Degenerative Joint Disease – A form of arthritis that results in the destruction of the articular cartilage that line the joints. Seen predominately in the larger weight bearing joints of the hips, knees and spine, be seen in the small joints of the hands.
Disc – Material between spinal vertebrae that provide a cushion-like support against shock.
Dislocate – To put out of place, out of joint or out of position.
Dorsiflexion – To bend the toes toward the head.
Dupuytren’s Contracture – A painless thickening of the connective tissue in the palmar hand that can lead to difficulty extending the digits. Causes include hand trauma and genetic predisposition.
Ecchymosis – Internal bruising or bleeding which causes our skin to turn "black and blue."
Edema – Swelling of tissues as a result of disease or injury.
Etiology – Cause of a disease.
Extend – To straighten.
Extension – The movement by which the two elements of any jointed part is drawn away from each other.
Femur – The largest bone in the body, extending from the hip to the knee (thigh bone).
Fixation – The act or operation of holding, suturing or fastening in a fixed position. The condition of being held in a fixed position.
Flex – To bend.
Fracture – A break or rupture in the bone.
Frozen Shoulder – This disorder results from any conditions that enforce prolonged immobility of the shoulder joint. There is marked restriction of range of motion. Physical therapy and corticosteroid injections may be helpful in some cases. Surgery will be required for more advanced cases.
Glenoid – The portion of the scapula (shoulder blade) that forms the cup segment of the shoulder joint.
Golfer’s Elbow – Inflammation of the tendons, which insert at the medical epicondyle (of the humerus) at the elbow. Symptoms include pain with forced flexion of the wrist joint.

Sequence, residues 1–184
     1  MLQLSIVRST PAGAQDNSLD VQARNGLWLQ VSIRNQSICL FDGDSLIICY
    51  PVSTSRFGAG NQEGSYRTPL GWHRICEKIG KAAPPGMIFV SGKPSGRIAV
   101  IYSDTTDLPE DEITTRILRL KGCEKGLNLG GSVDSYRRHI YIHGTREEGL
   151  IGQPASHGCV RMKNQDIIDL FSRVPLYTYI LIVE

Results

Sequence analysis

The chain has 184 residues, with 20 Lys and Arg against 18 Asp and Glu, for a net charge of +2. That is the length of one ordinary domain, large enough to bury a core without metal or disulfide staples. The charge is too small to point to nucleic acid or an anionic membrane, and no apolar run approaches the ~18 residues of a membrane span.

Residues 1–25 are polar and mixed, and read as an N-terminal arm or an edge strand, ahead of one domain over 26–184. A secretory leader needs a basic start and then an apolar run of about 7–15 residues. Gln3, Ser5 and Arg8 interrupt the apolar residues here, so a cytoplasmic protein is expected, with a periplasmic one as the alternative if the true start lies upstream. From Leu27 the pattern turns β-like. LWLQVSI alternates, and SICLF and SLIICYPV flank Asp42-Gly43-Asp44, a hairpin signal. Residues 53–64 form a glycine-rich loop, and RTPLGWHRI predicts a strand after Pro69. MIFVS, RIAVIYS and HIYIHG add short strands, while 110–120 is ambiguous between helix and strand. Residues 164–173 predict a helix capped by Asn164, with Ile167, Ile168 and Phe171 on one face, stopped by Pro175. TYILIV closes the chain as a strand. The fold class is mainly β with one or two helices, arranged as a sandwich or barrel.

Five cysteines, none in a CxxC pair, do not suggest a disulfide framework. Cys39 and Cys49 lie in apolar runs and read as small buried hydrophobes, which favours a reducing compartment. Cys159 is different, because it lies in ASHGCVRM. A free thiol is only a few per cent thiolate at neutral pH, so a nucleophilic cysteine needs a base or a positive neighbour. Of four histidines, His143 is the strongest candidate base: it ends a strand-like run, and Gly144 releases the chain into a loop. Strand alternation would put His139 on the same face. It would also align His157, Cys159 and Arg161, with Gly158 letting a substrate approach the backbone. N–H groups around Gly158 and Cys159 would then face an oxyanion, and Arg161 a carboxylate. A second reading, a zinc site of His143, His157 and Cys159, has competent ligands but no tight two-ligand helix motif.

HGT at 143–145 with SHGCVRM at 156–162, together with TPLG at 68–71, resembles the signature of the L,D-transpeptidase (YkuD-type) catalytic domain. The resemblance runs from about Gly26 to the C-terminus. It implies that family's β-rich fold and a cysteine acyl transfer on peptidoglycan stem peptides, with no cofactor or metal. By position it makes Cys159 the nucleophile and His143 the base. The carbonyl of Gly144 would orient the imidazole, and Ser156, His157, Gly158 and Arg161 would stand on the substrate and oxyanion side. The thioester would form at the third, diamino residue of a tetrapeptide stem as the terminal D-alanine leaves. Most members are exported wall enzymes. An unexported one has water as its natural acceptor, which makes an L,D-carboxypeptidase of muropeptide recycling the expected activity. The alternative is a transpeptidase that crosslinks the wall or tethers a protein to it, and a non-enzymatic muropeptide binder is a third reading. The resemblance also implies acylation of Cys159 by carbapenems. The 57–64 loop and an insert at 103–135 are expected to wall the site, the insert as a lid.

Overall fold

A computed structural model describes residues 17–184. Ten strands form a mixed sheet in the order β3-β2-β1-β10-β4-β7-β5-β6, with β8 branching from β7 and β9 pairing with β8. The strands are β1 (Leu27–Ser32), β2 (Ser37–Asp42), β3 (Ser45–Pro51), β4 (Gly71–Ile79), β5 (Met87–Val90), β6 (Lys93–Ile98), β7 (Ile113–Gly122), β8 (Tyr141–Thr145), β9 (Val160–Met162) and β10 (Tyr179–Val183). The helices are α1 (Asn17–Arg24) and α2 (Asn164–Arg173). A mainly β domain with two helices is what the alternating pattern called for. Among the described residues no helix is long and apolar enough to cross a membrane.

Hallux Valgus – A swelling or deformity at the head of the proximal bone of the great toe (big toe).
Hemorrhage – To bleed.
Herniate – To protrude through an abnormal body opening (outside normal margins).
Hip Arthroplasty – Surgery to replace all or part of the hip joint with an artificial device that re-establishes normal hip joint motion. Indicated in cases of severe intractable degenerative arthritis.
Hip Fracture – A fracture of the hip commonly occurs in the neck of the femur (thigh bone). The elderly and those who suffer from osteoporosis are at greatest risk.
Hypercoaguable – State describing abnormally thick blood.
Hypertrophy – Tissue or organ enlargement.
Knee Arthroplasty – Surgery involving the replacement of the knee joint with artificial components, which reestablishes normal joint function. Indicated in cases of knee fracture or degenerative arthritis (DJD) unresponsive to medical therapy.
Knee Sprain – Any injury to the different ligaments, which stabilize the knee joint. Knee sprains are characterized by knee pain, swelling and tenderness with range of motion. Completely torn ligaments may require surgical repair to reestablish knee joint stability.
Lateral – The outside (away from) portion of our body parts. Your ear is lateral to your nose.
Ligament – Fibrous tissue that attaches bone to bone.
Malignant – Tending to become progressively worse and to result in death. Having the properties of multiplying, invasion and metastasis, said of tumors.
Medial – Toward the inside or center of the body. (Your big toe is medial to your small toe.)
Medial Collateral Sprain (MCL) – MCL injuries are classified as grades I-III. Grade I injuries appear normal in an MRI (Magnetic Resonance Imaging), but there is subcutaneous tissue swelling (edema). Grade III injuries indicate a complete disruption of the ligament with associated soft tissue swelling (edema), and hemorrhage.